Splatoon squads are assigned random colors every match, so you're not just stuck with red or blue. For a lifelong shooter, finally seeing some bright colors feels like someone served my retina's cone cells a gallon of daiquiris after decades in the dirt-filled deserts. And it means a "kids' game" solved the known balance issue of red's advantage over blue while generations of "professional" competitive shooters simply never bothered.
It's Saving Us From Boredom
Most "realistic" shooters start like an NRA conga line. The world's most heavily armed ducklings dash from the spawn point to the first objective/middle of the map. The games use this combat-commute as an active mechanic: Getting killed means having to trudge back from the spawn all over again. It's tactical, but it means building the game's balance on boring repetition instead of actively playing. Some games let you build teleporters, but that's still basing so much of your playtime on an annoying chore that someone needs to take on to let other people skip it.
"OK MEN, BUNNYHOP THAT WAY!"
Splatoon squads don't win by splatting their opponents -- they win by painting more of the map (or key points of it in ranked matches). Painting takes ink, and your character can transform into a squid to swim quickly through that ink to reload, recharge, or hide. This means every step is important instead of just the last few near enemies. In this game, "area control" isn't just a tactical term but a fundamental force of the universe.
The "childish" colors mean you see everything in terms of tactical data, like a Terminator.
There's never a wasted step. Every movement is an active decision and natural gameplay. You're constantly calculating curves to cover the maximum area without painting yourself into time-wasting corners. Painting vertical surfaces doesn't give you points, but it lets you reach the high ground. A wide selection of different inking patterns, ranges, and rates of fire all feed into both combat and coverage to create a wide range of play-styles. You can charge and recharge as an area-drenching roller juggernaut, charge-shoot-swim to dolphin-leap your way across the map, or ink-brush over all the little gaps before springing from a painted wall to sword-slash enemies into puddles like a primary-colored samurai. And at any time you can tap a teammate on the map to teleport to their location and get on with the game.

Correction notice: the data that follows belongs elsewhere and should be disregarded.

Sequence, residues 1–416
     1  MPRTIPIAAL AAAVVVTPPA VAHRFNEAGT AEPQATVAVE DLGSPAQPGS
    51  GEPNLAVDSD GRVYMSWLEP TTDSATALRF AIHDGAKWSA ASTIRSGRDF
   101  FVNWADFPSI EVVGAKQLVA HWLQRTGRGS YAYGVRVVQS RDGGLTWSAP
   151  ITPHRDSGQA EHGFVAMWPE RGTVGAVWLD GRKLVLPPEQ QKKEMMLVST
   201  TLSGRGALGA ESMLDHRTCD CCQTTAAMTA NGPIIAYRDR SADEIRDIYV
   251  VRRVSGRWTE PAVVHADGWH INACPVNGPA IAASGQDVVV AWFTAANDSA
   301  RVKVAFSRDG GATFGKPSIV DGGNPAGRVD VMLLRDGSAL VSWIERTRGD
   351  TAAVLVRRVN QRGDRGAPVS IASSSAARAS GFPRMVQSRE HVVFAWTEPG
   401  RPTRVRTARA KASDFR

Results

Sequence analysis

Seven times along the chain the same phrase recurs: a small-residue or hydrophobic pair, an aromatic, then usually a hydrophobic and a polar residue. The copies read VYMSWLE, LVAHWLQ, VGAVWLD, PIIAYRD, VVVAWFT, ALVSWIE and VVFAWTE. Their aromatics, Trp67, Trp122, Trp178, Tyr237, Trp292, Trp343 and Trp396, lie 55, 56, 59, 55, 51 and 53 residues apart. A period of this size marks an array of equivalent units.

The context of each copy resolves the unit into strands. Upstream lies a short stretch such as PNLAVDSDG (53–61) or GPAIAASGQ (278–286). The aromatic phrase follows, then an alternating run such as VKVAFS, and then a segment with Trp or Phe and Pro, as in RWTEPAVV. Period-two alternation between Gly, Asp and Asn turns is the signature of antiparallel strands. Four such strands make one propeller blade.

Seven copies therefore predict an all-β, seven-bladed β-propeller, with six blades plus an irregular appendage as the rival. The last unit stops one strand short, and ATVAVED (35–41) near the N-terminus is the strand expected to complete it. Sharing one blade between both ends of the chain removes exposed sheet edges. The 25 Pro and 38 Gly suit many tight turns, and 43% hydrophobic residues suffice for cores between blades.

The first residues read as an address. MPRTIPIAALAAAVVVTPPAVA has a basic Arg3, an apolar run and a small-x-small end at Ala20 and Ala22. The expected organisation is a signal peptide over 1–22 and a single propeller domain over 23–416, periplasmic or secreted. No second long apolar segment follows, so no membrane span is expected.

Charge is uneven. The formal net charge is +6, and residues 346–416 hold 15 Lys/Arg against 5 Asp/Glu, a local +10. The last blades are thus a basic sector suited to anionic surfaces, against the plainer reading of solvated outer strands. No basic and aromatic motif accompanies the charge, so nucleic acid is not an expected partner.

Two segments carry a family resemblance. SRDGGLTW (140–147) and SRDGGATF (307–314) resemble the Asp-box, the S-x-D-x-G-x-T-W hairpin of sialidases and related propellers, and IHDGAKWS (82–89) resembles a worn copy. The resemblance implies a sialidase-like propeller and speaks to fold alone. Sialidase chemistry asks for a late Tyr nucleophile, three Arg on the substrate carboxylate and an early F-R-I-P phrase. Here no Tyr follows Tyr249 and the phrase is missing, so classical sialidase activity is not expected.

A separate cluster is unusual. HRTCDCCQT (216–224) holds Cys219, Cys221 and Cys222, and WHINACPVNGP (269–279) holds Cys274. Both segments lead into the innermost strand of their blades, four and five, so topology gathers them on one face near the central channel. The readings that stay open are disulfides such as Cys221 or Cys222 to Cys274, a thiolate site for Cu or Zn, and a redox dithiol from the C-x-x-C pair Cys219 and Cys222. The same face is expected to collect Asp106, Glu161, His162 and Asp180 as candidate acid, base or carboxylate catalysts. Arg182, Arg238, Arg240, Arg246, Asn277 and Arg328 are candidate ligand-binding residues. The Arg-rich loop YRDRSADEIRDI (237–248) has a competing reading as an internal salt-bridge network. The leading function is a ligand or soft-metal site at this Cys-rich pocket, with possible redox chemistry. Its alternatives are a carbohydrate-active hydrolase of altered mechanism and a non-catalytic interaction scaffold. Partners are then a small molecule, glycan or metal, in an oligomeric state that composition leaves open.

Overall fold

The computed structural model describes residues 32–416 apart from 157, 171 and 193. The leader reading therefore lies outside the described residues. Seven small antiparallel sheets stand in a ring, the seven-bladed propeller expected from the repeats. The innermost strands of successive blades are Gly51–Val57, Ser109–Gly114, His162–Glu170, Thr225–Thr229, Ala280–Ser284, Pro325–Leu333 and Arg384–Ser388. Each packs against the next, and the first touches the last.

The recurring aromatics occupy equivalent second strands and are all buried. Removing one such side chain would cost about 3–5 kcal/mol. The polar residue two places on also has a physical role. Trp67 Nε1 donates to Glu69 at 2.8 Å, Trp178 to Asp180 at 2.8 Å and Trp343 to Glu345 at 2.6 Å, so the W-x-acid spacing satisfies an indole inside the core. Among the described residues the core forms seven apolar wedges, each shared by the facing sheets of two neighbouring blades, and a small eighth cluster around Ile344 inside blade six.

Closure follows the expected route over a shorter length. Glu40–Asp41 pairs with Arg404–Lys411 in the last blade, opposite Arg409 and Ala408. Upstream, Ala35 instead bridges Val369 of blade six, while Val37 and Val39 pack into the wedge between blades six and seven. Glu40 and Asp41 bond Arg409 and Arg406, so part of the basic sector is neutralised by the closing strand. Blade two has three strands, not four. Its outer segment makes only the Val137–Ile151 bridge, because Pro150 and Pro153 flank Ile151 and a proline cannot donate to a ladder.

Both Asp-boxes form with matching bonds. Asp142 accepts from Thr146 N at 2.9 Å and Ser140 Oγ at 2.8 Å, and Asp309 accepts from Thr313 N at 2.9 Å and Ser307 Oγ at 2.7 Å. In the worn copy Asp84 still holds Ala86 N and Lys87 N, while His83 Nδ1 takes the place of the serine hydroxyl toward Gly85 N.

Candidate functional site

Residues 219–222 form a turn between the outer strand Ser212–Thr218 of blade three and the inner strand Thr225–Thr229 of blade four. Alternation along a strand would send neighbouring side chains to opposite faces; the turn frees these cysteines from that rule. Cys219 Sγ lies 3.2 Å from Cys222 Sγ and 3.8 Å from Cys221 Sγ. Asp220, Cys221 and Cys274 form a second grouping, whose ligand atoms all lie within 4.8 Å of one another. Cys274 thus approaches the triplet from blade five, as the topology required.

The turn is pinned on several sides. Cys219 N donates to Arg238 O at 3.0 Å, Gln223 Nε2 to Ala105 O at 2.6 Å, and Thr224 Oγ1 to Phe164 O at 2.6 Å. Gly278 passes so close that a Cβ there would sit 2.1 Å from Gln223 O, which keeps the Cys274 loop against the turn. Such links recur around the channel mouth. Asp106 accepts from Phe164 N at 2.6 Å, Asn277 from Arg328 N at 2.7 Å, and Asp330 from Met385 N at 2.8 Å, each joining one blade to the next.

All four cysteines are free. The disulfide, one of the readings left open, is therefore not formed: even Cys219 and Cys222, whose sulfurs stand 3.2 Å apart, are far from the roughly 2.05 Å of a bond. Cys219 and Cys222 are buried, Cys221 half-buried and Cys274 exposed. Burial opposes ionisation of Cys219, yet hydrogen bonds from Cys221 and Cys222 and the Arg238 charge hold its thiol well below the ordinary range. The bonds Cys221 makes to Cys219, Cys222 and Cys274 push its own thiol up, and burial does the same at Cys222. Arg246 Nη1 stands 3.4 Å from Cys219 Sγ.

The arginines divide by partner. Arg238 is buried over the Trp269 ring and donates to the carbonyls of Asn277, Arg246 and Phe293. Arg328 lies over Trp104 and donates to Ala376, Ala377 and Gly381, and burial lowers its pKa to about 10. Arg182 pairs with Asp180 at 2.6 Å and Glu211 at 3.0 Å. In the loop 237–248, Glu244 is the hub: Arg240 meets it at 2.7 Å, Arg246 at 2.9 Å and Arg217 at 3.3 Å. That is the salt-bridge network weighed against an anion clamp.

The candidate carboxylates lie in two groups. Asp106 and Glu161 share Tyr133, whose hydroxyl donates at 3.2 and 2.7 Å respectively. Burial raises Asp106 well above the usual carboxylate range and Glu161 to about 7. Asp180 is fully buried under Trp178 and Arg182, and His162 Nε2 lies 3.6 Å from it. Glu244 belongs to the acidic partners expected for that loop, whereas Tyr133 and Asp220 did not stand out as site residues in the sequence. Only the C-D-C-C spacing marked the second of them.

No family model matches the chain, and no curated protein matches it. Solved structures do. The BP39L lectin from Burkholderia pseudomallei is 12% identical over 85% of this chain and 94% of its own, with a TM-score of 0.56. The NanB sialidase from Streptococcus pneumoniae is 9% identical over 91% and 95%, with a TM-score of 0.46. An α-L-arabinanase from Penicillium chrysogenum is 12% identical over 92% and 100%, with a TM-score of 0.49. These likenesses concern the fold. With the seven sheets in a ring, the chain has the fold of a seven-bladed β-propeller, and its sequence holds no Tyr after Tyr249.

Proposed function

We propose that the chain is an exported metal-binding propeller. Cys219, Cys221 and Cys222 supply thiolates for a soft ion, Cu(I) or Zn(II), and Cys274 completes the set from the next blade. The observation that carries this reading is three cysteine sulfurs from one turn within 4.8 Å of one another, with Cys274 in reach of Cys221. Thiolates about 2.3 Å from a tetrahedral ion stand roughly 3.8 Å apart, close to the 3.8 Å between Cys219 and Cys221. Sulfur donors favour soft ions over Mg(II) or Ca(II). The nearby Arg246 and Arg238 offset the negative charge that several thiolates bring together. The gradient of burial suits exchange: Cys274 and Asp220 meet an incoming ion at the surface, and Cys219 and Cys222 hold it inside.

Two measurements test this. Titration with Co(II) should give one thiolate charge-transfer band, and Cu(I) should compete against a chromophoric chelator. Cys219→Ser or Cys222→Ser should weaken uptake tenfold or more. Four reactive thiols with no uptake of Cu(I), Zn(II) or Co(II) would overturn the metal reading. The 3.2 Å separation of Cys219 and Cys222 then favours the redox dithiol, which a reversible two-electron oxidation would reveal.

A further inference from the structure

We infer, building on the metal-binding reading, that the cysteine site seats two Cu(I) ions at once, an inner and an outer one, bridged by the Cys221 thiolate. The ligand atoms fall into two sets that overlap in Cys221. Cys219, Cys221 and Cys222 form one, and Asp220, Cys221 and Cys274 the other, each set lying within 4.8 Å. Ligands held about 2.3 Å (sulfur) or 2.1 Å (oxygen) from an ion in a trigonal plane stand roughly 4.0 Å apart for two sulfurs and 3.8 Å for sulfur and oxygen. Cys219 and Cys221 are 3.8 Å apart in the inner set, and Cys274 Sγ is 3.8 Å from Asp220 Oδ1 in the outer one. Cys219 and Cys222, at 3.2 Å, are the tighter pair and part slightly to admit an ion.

Getting on with winning.
After 10 million identical deathmatches more predictable than storing your gun vault in your cloning lab, we have a new idea. Don't get me wrong, CloneShooter 4: Modern 3: Black Ops 2: Help Us Any 1 still looks like a lot of fun. But now it's not the only kind of fun.
It's Saving Us From Solo Twitch Campers
The curse of campers has afflicted shooters since they started. Obviously, being able to aim a gun is kind of important, but most shooters overspecialize until the only relevant skill is aiming at X-234 Y-754 zero point four milliseconds faster than everyone else. Which is like organizing an Olympics where every athlete in every sport also has to be a professional javelin thrower: Every other skill is crippled because everyone's going to live or die on that one specific point.
If you can't 180-degree no-scope them first, the game is about as much fun as, well, being repeatedly shot in the head. Even for those who can compete (I enjoy headshots as much as the next person, and usually more than the crater-skulled one who just tried to sniper-duel me), new games should offer more than new sniper perches. Sequel franchises like Call Of Duty don't just suffer from this -- they cater to it, arming the elite (or hacking) high-score solo players with everything from helicopter gunship support to massive ordnance air blasts that can wipe out an enemy team. They exterminate scores of players whose only entertainment is hoping to one day do the same.
That's not lens flare; that's one player killing half the map.